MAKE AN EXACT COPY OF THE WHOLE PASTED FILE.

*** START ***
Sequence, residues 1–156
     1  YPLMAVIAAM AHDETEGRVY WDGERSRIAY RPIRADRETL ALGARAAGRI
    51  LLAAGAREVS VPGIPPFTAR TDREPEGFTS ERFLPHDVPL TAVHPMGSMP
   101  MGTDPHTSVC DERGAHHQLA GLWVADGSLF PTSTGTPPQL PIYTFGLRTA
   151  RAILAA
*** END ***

Sequence, residues 1–156
     1  YPLMAVIAAM AHDETEGRVY WDGERSRIAY RPIRADRETL ALGARAAGRI
    51  LLAAGAREVS VPGIPPFTAR TDREPEGFTS ERFLPHDVPL TAVHPMGSMP
   101  MGTDPHTSVC DERGAHHQLA GLWVADGSLF PTSTGTPPQL PIYTFGLRTA
   151  RAILAA